It’s Mardi Gras and while New Orleans may get the glory, Pensacola, Florida knows how to party. Even the rain didn’t slow the parade in the town of Pensacola when we visited, and when the sun came out on parade day in Pensacola Beach, the party just got better. Continue reading →
For British people it might be custard or a full English breakfast of fried eggs and toast with beans, mushrooms, tomatoes and sausages. For French Canadians it might be ragoût de boulettes (meatball stew) or tourtière (meat pie). Americans might long for mom’s apple pie. And Germans for a fat wurst and sauerkraut.
But for Mexicans, it’s tamales.
Tamales are composed of masa (corn meal based wet dough) and a filling, wrapped in a corn husk (though in parts of Central America they use a banana leaf). They may be filled with vegetables, pork, chicken, beef, and even with sugar, cinnamon, cheese and raisins, pineapple, and other fruits. Continue reading →
It was 1851 and Harmon Heald, like many of California’s first settlers, was looking for gold.
And like most, he found no nuggets. But he built his cabin, and later a general store on the main road between the gold fields and San Francisco. So he found a share in the gold that had already ignited the economy of the recently created state of California. And he built the beginning of small town perfection – Healdsburg.
As his success attracted more settlers to the area, Heald designed the first plaza and laid out the streets that would become the town of Healdsburg. The newcomers quickly discovered that the fertile California soil could grown anything, especially grapes. By the mid-1880s, a flourishing wine industry had already begun to develop, and despite a blip during Prohibition, this region has become one of the world’s premier wine producing regions. In fact, Healdsburg is at the center of three wine areas – Russian River, Dry Creek and Alexander Valley, with plenty of tasting rooms to sample their wines. And where there’s wine, there’s great food. Continue reading →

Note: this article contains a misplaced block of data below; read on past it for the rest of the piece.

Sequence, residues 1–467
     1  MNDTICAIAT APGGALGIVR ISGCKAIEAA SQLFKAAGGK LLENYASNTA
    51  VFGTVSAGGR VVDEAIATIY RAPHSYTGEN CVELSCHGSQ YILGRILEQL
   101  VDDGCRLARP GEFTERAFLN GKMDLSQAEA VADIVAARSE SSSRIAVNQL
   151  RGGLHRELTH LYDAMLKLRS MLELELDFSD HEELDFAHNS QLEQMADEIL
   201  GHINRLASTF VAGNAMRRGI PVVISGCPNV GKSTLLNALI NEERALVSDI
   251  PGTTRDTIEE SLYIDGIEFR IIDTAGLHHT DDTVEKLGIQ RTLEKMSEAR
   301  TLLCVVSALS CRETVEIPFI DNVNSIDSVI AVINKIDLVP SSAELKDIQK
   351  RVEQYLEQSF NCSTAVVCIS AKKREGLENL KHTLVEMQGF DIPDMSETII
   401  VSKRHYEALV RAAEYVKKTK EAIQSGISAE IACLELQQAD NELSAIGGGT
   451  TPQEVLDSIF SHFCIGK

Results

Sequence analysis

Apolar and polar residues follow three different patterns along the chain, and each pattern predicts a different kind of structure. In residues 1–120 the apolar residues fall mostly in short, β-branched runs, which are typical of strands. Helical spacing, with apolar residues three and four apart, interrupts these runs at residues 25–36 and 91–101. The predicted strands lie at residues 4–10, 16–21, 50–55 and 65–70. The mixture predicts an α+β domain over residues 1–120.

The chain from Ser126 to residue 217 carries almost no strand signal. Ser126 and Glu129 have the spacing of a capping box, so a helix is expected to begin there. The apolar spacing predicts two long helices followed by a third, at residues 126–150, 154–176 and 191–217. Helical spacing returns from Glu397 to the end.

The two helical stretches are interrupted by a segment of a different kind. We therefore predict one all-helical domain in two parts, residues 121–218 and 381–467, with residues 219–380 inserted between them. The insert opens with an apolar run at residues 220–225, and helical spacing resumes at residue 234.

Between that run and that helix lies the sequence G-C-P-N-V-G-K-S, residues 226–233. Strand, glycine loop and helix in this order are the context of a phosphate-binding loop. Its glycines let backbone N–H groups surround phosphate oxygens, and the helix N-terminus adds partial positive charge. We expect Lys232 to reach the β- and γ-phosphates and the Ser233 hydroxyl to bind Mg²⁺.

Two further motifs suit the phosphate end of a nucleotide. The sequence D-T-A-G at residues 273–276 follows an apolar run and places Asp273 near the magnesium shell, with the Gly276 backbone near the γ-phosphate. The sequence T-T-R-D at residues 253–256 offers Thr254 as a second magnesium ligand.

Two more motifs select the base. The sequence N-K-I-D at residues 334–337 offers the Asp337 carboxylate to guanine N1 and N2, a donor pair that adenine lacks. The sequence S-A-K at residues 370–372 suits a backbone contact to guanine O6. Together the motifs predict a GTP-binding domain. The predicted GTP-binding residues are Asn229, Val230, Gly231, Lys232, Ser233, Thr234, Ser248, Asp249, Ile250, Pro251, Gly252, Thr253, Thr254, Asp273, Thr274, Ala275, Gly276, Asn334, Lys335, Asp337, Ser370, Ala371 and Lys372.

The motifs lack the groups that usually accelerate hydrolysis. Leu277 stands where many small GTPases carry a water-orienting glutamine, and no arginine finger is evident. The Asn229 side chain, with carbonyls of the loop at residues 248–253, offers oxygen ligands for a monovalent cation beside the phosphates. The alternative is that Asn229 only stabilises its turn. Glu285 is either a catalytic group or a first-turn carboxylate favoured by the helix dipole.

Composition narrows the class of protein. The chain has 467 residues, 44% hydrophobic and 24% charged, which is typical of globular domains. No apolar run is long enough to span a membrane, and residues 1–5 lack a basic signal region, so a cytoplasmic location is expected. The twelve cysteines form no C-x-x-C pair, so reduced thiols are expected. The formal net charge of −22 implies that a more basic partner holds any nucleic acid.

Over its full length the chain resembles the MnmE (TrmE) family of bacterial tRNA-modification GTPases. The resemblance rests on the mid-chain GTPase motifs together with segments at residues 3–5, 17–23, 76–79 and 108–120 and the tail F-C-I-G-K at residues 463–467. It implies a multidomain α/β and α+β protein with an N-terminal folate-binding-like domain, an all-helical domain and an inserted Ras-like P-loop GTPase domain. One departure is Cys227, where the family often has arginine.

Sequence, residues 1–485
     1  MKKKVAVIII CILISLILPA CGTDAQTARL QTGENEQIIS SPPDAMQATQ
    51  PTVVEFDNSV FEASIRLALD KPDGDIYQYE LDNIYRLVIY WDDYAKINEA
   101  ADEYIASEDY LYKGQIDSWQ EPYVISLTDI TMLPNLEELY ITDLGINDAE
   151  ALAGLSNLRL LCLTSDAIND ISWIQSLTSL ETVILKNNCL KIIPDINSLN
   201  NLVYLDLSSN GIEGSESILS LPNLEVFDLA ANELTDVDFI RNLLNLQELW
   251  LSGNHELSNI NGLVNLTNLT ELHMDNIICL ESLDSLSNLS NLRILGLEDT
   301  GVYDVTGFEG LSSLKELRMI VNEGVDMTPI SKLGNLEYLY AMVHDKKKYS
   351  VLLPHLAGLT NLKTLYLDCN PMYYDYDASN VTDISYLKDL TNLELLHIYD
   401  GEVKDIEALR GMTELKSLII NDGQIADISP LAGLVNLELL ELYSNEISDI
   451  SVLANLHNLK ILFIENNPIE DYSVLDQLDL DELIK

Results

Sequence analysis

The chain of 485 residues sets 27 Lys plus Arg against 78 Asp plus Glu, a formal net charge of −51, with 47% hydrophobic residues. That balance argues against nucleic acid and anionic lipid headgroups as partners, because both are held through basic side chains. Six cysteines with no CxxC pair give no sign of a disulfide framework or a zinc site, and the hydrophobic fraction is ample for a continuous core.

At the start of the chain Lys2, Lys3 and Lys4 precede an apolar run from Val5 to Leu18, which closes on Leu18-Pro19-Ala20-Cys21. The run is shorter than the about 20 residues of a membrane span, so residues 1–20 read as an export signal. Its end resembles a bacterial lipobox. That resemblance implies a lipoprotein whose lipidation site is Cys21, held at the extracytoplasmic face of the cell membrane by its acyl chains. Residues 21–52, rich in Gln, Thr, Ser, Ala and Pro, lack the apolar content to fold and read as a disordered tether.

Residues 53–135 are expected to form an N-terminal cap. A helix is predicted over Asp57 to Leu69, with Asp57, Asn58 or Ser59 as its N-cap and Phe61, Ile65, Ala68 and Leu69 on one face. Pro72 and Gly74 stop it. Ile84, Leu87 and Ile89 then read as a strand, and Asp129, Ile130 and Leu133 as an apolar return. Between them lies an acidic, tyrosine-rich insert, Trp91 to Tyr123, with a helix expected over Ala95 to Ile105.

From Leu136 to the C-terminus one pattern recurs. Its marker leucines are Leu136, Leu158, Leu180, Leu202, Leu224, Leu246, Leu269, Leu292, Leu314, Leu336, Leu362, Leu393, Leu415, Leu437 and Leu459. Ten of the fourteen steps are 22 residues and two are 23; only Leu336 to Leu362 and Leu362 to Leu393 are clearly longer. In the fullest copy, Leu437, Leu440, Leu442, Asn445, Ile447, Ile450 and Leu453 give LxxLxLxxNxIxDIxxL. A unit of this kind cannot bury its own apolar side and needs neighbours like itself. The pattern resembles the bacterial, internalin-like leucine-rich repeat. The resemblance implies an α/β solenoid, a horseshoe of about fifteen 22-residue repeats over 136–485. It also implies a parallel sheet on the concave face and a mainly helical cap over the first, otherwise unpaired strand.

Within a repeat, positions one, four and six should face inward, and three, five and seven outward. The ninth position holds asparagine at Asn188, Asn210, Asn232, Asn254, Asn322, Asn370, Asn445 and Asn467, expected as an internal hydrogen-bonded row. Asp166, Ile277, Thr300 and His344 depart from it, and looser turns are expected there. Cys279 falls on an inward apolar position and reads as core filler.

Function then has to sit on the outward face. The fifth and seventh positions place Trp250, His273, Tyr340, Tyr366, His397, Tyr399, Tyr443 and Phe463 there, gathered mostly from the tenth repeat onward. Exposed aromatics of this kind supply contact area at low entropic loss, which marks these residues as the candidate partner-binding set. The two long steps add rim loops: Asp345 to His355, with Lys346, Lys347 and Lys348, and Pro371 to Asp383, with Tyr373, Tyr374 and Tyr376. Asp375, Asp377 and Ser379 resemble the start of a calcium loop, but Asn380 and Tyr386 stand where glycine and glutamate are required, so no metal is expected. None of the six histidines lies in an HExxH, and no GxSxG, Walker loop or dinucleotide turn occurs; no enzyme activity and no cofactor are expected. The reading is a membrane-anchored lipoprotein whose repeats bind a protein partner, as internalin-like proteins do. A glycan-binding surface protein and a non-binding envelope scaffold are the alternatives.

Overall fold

This was Elvis’ favourite booth. His picture marks his spot. Could be him, couldn’t it?
For the past month, as we have travelled across the top of the US on I-80, down through California and along I-40 to Memphis, our most recent stop, I have looked for authentic diners. In their heyday, during the first two thirds of the 20th century, nearly 7,000 diners dotted the American landscape. They were THE stop for travellers on classic roads like Route 66, or for those looking for a hearty, inexpensive meal in many cities.
Today fewer than 2,000 remain and most of those are in the east. So looking for one in the Midwest and west was like searching for a needle in a haystack. The fast food chains have supplanted this uniquely American institution in the hearts and appetites of Americans. So imagine my delight when, in Memphis, I found The Arcade, a diner that has been around since 1919! Continue reading →
My first bite of adovada, pork cooked slowly in a sauce of red chilies, leaves me gasping. I’m trying this New Mexican classic at a 40 year old Santa Fe restaurant, The Shed, which specializes in local cuisine. This warning should be on the menu: Do not order unless you have an asbestos tongue! New Mexico is all about food….and art….and music…and history….but mostly about food! And in New Mexico, food begins and ends with chilies or chiles. Huge ristras (bundled chains of red chilies) decorate the doorways of homes, drying in the sun. People eat chilies at breakfast, lunch and dinner, and chilies are incorporated into everything from sauces and condiments to honey, jams and even marmalade! Continue reading →